Their results, which are published in the scientific journal PNAS, are largely based on mouse studies, although a small-scale clinical study on new-born babies in neonatal care was also conducted.
Researchers at the Department of Woman and Child Health have established that an enzyme (mPGES-1) in the blood-brain barrier is activated on infection, stimulating in turn the secretion of the prostaglandin E2, a signal substance, near the respiratory centres of the brain stem. If the body is temporarily hypoxic, it is this brainstem area that induces compensatory gasping. In the event temporary suffocation, therefore, an inhibition of the nerve cells in the respiratory centre, via PGE2, in vulnerable individuals could lead to a diminished respiratory response, hypoxia and, at worst, death.
“It is possible that these findings may explain the association between mild infection, inflammation and Cot-death syndrome”, says Dr Eric Herlenius, the leader of the study. “Understanding how infection can affect respiration will enable us to introduce new improved methods for the monitoring, diagnosis and treatment of new-born babies”.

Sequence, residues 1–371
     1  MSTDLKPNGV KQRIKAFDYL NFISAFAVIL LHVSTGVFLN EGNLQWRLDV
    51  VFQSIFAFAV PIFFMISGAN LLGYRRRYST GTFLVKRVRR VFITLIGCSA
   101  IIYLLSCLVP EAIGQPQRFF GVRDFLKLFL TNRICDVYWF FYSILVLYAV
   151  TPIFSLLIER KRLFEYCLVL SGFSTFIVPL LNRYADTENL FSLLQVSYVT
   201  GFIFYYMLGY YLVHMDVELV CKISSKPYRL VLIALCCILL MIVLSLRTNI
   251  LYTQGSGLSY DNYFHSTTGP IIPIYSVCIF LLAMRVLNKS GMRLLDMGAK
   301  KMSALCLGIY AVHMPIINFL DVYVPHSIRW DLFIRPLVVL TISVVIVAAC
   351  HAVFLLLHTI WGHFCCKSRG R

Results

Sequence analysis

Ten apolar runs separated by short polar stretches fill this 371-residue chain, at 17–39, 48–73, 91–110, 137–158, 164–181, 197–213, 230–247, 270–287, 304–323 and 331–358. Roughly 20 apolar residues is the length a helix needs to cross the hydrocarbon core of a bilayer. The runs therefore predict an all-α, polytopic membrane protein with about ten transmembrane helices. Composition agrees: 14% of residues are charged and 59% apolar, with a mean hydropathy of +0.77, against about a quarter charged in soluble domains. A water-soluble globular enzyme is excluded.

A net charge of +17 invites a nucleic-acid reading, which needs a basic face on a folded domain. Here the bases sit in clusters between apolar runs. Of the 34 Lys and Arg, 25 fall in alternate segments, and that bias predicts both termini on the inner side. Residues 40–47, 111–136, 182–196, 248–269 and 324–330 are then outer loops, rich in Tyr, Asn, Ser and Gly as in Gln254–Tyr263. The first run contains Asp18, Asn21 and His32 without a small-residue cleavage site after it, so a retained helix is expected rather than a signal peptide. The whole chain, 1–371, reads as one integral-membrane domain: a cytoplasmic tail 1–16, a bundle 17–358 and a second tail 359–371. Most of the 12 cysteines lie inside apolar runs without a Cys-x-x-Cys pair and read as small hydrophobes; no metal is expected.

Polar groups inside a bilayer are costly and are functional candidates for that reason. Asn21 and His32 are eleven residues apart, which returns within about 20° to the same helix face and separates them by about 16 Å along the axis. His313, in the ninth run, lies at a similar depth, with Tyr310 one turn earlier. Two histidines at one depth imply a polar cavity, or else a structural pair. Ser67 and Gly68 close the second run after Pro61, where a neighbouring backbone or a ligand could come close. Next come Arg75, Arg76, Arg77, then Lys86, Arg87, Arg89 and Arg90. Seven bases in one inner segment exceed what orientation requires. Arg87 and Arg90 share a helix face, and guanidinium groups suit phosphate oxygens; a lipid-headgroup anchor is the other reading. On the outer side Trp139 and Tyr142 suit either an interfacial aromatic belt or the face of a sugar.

The research team will now be conducting a larger-scale clinical study in association with Karolinska University Hospital.
“The induced prostaglandin E2 pathway is a key regulator of the respiratory response to infection and hypoxia in neonates”
A.O. Hofstetter, S. Saha, V. Siljehav, P.J. Jakobsson and E. Herlenius
PNAS 23: 9894-9899, 2007
For further information, please contact:
PhD, MD Eric Herlenius
Department of Woman and Child Health
Tel: +46 (0)8-517 773 57 or +46 (0)73-6789987 (mobile)
Press Officer Katarina Sternudd
Tel: +46 (0)8-524 838 95 or +46 (0)70-224 38 95